Efficacy and safety of using mesh or grafts in surgery for anterior and/or posterior vaginal wall prolapse: systematic review and meta-analysis


Dr X Jia, Health Services Research Unit, University of Aberdeen, Aberdeen AB25 2ZD, UK. Email x.jia@abdn.ac.uk


Background  The efficacy and safety of mesh/graft in surgery for anterior or posterior pelvic organ prolapse is uncertain.

Objectives  To systematically review the efficacy and safety of mesh/graft for anterior or posterior vaginal wall prolapse surgery.

Search strategy  Electronic databases and conference proceedings were searched, experts and manufacturers contacted, and reference lists of retrieved papers scanned.

Selection criteria  Randomised controlled trials (RCTs), nonrandomised comparative studies, registries, case series involving at least 50 women, and RCTs published as conference abstracts from 2005 onwards.

Data collection and analysis  One reviewer screened titles/abstracts, undertook data extraction, and assessed study quality. Data analysis was conducted for three subgroups: anterior, posterior, and anterior and/or posterior repair (not reported separately).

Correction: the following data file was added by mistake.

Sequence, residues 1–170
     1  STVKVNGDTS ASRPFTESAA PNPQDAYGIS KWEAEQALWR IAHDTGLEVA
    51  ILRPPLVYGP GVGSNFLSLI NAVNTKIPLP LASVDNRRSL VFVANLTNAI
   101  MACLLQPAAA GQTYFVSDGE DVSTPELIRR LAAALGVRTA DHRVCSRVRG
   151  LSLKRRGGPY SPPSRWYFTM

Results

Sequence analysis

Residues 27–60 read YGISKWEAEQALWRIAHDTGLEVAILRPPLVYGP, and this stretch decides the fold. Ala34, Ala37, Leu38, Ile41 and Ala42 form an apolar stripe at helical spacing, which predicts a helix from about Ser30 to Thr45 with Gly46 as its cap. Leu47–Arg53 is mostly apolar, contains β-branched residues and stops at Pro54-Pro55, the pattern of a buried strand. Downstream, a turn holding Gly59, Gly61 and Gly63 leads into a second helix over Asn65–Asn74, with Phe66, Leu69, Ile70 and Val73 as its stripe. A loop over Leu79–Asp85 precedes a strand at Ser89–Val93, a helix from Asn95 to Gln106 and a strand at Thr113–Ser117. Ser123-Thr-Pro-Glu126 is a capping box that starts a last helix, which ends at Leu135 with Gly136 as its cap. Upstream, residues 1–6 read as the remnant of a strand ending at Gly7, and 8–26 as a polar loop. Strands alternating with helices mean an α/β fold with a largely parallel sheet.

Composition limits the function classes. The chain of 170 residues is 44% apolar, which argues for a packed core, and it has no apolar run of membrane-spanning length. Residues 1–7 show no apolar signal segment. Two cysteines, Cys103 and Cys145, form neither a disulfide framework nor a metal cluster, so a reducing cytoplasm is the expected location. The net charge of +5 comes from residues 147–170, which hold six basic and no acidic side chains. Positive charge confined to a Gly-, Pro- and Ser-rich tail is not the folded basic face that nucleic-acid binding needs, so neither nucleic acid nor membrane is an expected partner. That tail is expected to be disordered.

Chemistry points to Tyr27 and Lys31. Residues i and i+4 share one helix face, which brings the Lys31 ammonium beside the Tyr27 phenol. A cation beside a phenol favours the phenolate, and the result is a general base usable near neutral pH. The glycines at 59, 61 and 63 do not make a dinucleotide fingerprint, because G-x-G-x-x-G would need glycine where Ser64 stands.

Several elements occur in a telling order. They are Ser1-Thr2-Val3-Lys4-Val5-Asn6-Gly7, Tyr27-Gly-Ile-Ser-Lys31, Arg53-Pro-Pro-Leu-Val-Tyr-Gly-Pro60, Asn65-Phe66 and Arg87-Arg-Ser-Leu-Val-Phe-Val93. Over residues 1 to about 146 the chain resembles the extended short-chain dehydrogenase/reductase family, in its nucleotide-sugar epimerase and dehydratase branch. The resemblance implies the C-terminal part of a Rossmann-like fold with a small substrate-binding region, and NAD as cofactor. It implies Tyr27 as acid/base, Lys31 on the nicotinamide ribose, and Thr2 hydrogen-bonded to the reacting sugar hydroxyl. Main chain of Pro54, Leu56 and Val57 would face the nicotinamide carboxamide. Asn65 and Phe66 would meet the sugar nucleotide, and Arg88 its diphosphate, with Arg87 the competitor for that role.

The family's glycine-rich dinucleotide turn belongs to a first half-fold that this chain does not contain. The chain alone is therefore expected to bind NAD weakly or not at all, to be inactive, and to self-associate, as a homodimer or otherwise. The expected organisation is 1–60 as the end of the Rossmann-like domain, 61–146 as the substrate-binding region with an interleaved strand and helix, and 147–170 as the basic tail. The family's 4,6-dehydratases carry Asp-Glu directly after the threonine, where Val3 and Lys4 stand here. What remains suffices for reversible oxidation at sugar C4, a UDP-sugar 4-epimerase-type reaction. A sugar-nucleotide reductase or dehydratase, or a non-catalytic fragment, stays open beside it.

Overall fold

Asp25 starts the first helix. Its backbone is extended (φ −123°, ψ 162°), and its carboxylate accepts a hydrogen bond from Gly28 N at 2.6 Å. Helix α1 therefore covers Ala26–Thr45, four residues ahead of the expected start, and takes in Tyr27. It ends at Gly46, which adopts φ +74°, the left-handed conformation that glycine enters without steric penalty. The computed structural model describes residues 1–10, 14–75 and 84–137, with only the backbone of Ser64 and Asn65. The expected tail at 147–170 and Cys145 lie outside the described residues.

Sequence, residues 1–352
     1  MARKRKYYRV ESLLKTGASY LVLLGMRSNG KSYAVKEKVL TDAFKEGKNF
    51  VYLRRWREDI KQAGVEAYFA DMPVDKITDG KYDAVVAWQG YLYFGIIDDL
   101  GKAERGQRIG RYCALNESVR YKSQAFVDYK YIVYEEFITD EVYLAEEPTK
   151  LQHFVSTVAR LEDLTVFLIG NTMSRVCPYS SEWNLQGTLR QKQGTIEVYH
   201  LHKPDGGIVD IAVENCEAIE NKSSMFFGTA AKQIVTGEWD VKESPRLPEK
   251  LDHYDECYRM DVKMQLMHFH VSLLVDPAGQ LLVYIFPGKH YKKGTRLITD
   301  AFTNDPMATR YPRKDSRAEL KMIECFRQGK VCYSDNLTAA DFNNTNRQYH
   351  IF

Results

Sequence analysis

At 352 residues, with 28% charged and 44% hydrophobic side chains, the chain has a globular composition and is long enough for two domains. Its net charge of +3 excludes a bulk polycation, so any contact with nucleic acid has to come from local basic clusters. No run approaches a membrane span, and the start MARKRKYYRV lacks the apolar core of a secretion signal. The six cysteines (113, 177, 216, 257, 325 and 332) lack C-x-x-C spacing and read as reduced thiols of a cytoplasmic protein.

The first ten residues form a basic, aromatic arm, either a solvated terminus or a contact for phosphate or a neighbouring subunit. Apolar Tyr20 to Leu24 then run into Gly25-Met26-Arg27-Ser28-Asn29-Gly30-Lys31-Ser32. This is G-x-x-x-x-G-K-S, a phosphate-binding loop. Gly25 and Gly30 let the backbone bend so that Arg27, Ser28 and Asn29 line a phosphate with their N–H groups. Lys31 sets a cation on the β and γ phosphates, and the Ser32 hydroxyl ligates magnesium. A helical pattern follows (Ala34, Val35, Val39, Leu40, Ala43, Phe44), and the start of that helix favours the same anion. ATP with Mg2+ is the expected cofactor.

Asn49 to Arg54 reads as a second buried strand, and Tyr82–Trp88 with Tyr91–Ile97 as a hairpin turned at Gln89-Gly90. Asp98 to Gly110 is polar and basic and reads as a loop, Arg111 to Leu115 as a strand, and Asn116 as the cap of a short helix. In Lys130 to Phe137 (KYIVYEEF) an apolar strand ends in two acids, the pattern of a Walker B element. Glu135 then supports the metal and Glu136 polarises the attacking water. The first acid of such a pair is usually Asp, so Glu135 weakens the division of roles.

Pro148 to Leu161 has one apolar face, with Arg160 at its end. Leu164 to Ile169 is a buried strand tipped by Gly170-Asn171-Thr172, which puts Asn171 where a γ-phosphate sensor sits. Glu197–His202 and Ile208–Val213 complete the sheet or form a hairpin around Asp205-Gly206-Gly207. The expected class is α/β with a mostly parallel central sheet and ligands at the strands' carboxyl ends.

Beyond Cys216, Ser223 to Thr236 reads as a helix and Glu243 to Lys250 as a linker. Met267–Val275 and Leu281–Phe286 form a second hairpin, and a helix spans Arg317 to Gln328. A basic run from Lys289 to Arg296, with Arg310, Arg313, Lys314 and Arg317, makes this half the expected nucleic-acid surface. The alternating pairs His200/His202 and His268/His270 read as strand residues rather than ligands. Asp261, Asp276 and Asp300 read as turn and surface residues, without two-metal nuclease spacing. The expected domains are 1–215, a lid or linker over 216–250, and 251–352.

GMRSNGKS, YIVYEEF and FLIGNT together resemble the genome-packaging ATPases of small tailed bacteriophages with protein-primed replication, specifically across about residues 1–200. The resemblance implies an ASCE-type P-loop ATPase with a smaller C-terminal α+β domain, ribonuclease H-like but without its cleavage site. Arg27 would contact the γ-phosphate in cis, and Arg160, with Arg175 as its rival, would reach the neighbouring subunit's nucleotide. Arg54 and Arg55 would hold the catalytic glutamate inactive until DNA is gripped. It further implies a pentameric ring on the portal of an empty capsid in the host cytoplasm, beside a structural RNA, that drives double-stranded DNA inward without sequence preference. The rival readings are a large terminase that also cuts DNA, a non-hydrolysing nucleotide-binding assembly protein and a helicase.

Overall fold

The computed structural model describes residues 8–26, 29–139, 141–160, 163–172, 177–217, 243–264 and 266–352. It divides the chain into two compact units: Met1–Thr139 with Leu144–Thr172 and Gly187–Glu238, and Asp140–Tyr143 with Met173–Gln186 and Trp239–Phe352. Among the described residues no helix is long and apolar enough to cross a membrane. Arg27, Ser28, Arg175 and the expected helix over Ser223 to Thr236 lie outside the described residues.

Results  Forty-nine studies involving 4569 women treated with mesh/graft were included. Study quality was generally high. Median follow up was 13 months (range 1–51 months). In anterior repair, there was short-term evidence that mesh/graft (any type) significantly reduced objective prolapse recurrence rates compared with no mesh/graft (relative risk 0.48, 95% CI 0.32–0.72). Nonabsorbable synthetic mesh had a significantly lower objective prolapse recurrence rate (8.8%, 48/548) than absorbable synthetic mesh (23.1%, 63/273) and biological graft (17.9%, 186/1041), but a higher erosion rate (10.2%, 68/666) than absorbable synthetic mesh (0.7%, 1/147) and biological graft (6.0%, 35/581). There was insufficient information to compare any of the other outcomes regardless of prolapse type.

Conclusions  Evidence for most outcomes was too sparse to provide meaningful conclusions. Rigorous long-term RCTs are required to determine the comparative efficacy of using mesh/graft.